Why we read, part 2



Have you ever found yourself disagreeing with a fictitious character’s actions based on your experiences and or culture? Or judging their decisions because it is something you would never do?

While I shouldn’t say this is wrong for the everyday reader (but I think it is) I will say it is wrong for those of us who have chosen the path of higher education, at least as it pertains to the humanities. We humanities majors have committed ourselves to studying more about the world so that we may learn among other things, empathy and understanding. We have committed ourselves to not just learn about people and events, both past and present, but from other people as well. We are not to sit in our ivory towers tossing our chamber pots over the heads of anyone passing that we find culturally unappealing or acting in ways that do not fit our understanding of the rules of social engagement.

Sadly, not everyone who decides to earn a humanities degree understands this. Yet this lack of understanding keeps them from the beauty and heartbreak of those different from themselves.

I am currently taking a class titled “Non-western lit”. The name says it all. We are reading a novel a week (which is why my blogs have been few and far between) from authors outside of our western culture and cannon, with the understanding that we are to read from their point of view. In other words, we are to drop our Orientalist and post-colonial views, and see the world through the eyes of the characters presented to us.

There is a woman in my class who, despite being a self professed world traveler, refuses to see the non-western world as it is but instead comments on behavior that disgusts her. She sits in judgment as if all people walk the same path and have the same life experiences as her.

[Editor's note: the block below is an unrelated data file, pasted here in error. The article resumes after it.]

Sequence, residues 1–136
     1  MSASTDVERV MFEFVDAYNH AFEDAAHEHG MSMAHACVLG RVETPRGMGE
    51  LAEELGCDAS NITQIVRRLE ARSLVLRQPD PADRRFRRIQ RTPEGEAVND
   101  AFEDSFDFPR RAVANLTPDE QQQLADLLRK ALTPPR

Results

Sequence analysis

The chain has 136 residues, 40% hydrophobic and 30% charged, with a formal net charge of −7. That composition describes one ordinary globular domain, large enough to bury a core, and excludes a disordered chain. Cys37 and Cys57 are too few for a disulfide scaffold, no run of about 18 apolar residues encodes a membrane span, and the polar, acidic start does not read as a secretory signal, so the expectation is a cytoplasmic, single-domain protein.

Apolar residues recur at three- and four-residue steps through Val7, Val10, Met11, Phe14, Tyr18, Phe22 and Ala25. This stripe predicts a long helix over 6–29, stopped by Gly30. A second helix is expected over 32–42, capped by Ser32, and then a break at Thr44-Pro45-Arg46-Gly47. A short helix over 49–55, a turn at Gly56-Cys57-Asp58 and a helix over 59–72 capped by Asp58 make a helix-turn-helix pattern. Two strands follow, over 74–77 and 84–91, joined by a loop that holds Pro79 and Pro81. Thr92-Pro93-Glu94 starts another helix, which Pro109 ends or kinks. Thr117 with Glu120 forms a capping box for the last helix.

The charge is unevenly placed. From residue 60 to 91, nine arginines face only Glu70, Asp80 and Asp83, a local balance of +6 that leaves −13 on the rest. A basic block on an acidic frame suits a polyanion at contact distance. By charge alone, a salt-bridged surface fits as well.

Take for instance, Jhumpa Lahiri’s Pulitzer Prize wining, interpreter of maladies. In this beautifully written but heart wrenching collection of short stories there are people who make decisions or do things that may not make sense if we look at them from the western perspective. Some of the stories contain characters that we can identify with even if we do not agree with their behavior.  But just because we do not agree with them does not mean we in a position to judge them. Yet, at every turn this woman will blurt out, “My husband would never do that”, or, “my husband would never act that way”.

The story When Mr. Pirzada comes to dine”, is a perfect example of what this woman is missing as she sits in judgment. Mr. Pirzada (a professor we assume) comes to America to study botany on a government scholarship.  While he is in America an Indian couple and their daughter befriend him. While he is in America the Pakistani army invades Mr. Pirzada’s home country of Dacca. The couple and Mr. Pirzada sit night after night watching the news for any signs of hope as they watch teachers being dragged out of their homes and shot in the streets. Mr. Pirzada clearly cannot safely return home to his wife and six children.

The theme of this story is family. The ones we have and the ones we make. This unnamed Hindu couple takes in Mr. Pirzada, a Muslim, in because they share a cultural heritage.  And, even though Hindus and Muslims have been at each other’s throats for hundreds of years, the couple become his surrogate family in a time when he needs family the most.  This is what we were supposed to get from the story.